By Seth Gonzales
Hispanic Catholics from across the world came together for a respect life conference that featured two cardinals, five bishops and thousands of lay Hispanics who heard about finding the courage to help change laws and hearts on issues dealing with human life and dignity.
The Third Hispanic Congress of the Americas for Respect Life and Evangelization at the Plano Center on Aug. 16-18 featured more than a dozen speakers who talked about ways to counter the abortion culture and social justice topics such as immigration reform, care for the poor, religious conscience and religious liberty. The conference was sponsored by the Diocese of Dallas, the Diocese of Fort Worth and the Catholic Pro-Life Committee.
In his homily during the opening Mass, Cardinal Sean Patrick O’Malley of Boston said that on the issue of abortion there are encouraging signs starting to appear 40 years after the U.S. Supreme Court declared the practice legal.
“Abortion, like slavery, is not simply a religious subject, but a question of human rights,” O’Malley said. “The most interesting thing is that while our own country has become more secularized, the opposition to abortion is increasing among the youth.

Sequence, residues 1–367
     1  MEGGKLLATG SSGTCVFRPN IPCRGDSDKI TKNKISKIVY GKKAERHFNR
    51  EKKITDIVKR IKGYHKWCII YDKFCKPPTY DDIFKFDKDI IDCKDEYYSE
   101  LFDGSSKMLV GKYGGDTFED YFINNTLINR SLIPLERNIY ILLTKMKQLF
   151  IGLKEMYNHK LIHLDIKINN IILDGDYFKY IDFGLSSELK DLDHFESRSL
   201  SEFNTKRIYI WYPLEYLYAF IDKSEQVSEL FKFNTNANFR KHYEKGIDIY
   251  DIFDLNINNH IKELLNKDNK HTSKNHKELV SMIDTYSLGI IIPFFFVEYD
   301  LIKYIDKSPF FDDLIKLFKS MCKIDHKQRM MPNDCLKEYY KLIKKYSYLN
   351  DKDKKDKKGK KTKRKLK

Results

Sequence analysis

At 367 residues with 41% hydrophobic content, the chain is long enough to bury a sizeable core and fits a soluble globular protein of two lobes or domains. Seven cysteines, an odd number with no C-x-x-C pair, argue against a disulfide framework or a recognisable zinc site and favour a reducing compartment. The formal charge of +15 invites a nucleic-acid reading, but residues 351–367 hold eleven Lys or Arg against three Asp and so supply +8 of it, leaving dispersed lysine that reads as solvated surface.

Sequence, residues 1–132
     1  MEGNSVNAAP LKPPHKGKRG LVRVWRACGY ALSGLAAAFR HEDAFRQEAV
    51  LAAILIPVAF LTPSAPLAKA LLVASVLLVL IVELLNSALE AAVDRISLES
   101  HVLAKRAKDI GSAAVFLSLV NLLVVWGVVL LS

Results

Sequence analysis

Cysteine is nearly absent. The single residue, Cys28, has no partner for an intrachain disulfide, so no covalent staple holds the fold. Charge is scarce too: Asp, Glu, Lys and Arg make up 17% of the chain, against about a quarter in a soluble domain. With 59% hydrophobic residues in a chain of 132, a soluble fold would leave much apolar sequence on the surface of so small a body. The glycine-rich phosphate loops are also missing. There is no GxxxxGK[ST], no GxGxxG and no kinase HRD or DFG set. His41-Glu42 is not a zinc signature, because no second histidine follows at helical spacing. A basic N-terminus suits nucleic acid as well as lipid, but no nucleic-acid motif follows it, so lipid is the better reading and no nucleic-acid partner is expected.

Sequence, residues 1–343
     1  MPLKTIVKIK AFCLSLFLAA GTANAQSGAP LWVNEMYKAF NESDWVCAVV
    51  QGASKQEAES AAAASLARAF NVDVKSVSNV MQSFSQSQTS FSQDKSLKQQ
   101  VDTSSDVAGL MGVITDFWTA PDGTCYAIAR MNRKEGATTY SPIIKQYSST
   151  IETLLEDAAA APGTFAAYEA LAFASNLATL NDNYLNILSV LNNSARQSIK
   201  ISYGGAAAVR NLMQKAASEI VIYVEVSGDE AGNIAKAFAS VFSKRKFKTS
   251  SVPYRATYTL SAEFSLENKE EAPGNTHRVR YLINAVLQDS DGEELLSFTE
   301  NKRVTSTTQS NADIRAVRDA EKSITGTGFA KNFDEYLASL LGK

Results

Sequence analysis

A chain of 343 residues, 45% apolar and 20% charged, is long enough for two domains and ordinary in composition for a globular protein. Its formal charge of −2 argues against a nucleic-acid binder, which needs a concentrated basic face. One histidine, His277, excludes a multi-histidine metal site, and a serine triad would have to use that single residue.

“It is an indication,” he said, “that the youth understand that abortion is a question of human rights. Unfortunately, many Americans see it as a necessary evil. We have to demonstrate that abortion is not a necessary evil. It is just an evil.”
During his introductory remarks to the congress, Dallas Bishop Kevin J. Farrell implored participants to be active and seek to change hearts.
“As you all know, we are in the Year of Faith and in the era of the New Evangelization,” he said. “When you speak of the New Evangelization and the respect for human life, we believe God is asking us to not only change a few laws in our country, but to change the culture and to change the way of thinking in our society.”
According to the Guttmacher Institute, “nearly half of pregnancies among American women are unintended, and about four in 10 of these are terminated by abortion.” In 2010, 25 percent of abortions were obtained by Hispanic women.
“Life is the greatest social justice issue,” said Aurora Tinajero, principal organizer of the congress and director of Spanish Ministry for the Catholic Pro-Life Committee. “When life is threatened, it affects the other social justice issues.”
Abortion, immigration, and poverty have long been difficult issues within the American public square, but debate has recently intensified with the passage of new abortion restrictions in as many as nine states, the passage of the Affordable Care Act, and the current struggle for immigration reform in Congress. In June, the Senate passed an immigration bill that has since stalled in the House of Representatives.
Sacramento Bishop Jaime Soto said that any immigration policy must protect the family and respect the dignity of the human person.
“We have a moral and societal obligation in American life to protect human life and the dignity of human life,” Bishop Soto said. “As Catholics, we must put the Gospel into practice, walk the faith, protect and promote human life and those marginalized. This is the theme of immigration.”